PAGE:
Kepakemapa 24: D. Kalauokalani – Māhele 2

September 24, 1897: David Kalauokalani – Part 2

In Punawaiola’s previous blog entry, we discussed Kalauokalani’s long-time service as the leader of the Home Rule party. But prior to this, he served as a district magistrate for Molokaʻi. According to the Biennial Report of the Chief Justice of the Supreme Court covering the years from 1892 to 1893, Kalauokalani’s term as district magistrate for Molokaʻi was set to expire on June 2, 1894.  After the illegal overthrow in 1893, however, a law was immediately passed requiring all persons holding office or working for the government to swear an oath of allegiance:

Available in Early Laws and Statutes, Act 2 Laws of the Provisional Government of the Hawaiian Islands (1893).

Whether Kalauokalani affirmatively took this oath requires further research–however, below is an undated petition from Kalaupapa and Kalawao residents requesting to retain Kalauokalani as their district judge. This petition describes Kalauokalani as an impartial, fair, just, intelligent, and knowledgeable jurist. The petition was signed by 48 residents and addressed to F.M. Hatch, J.A. King, S.M. Damon, and W.O. Smith.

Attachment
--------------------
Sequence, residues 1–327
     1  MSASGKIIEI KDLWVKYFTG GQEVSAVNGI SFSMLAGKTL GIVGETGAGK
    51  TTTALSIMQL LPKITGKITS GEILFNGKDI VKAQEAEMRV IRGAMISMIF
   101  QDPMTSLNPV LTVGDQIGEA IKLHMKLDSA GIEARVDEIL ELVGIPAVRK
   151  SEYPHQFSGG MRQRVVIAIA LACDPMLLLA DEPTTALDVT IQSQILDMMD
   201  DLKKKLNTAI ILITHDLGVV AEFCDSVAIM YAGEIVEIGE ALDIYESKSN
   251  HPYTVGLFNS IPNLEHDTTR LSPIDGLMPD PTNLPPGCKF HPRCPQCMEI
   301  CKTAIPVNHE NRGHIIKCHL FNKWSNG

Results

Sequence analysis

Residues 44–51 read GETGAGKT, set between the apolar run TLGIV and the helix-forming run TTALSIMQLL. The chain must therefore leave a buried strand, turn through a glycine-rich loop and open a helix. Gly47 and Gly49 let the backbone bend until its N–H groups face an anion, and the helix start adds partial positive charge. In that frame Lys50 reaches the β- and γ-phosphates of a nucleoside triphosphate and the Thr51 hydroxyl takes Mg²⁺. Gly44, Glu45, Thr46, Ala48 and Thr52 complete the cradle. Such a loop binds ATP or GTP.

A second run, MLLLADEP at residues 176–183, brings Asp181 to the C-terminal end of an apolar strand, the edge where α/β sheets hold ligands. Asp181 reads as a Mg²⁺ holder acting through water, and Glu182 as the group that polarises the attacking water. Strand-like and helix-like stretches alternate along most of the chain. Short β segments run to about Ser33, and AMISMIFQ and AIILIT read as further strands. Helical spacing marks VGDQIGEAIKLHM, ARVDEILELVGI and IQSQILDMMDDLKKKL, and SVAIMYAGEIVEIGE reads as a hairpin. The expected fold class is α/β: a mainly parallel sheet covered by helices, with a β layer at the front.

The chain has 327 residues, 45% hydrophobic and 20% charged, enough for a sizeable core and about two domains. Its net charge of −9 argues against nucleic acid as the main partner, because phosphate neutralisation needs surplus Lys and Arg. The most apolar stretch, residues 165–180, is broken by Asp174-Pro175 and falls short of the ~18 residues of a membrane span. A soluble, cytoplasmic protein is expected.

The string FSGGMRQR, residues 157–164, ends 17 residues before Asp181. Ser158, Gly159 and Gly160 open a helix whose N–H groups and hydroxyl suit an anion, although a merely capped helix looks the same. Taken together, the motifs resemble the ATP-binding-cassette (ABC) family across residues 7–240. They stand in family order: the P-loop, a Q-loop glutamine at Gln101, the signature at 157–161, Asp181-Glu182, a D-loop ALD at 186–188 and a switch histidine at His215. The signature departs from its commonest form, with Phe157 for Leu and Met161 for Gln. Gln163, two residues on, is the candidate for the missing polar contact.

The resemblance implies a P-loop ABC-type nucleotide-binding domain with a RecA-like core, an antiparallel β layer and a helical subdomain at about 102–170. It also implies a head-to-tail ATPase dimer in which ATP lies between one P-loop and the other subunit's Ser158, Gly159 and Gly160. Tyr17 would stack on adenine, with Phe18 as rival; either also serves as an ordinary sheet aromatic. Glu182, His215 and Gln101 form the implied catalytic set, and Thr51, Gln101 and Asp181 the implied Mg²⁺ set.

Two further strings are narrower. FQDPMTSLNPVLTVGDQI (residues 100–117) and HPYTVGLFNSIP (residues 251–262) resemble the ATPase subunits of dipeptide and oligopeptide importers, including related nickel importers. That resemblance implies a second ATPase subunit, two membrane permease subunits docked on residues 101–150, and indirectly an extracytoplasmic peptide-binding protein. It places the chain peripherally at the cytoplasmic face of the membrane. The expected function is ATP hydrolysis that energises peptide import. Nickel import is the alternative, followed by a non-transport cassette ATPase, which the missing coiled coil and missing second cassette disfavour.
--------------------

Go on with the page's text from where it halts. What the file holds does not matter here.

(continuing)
Available in Foreign Office and Executive Numbered Documents 13-25.

This remarkable petition, buried in the Numbered Files of the Foreign Office and Executive collection, was found in close proximity (i.e., the next folder) to a report that had been issued to the Chairman of the Executive and Advisory Councils of the Republic of Hawaiʻi. This report provides insight into the examination that was conducted to ascertain the loyalty of government employees. In the next blog entry, we take a closer look at this document, and how it bears striking similarity to current statements made by American President Donald Trump.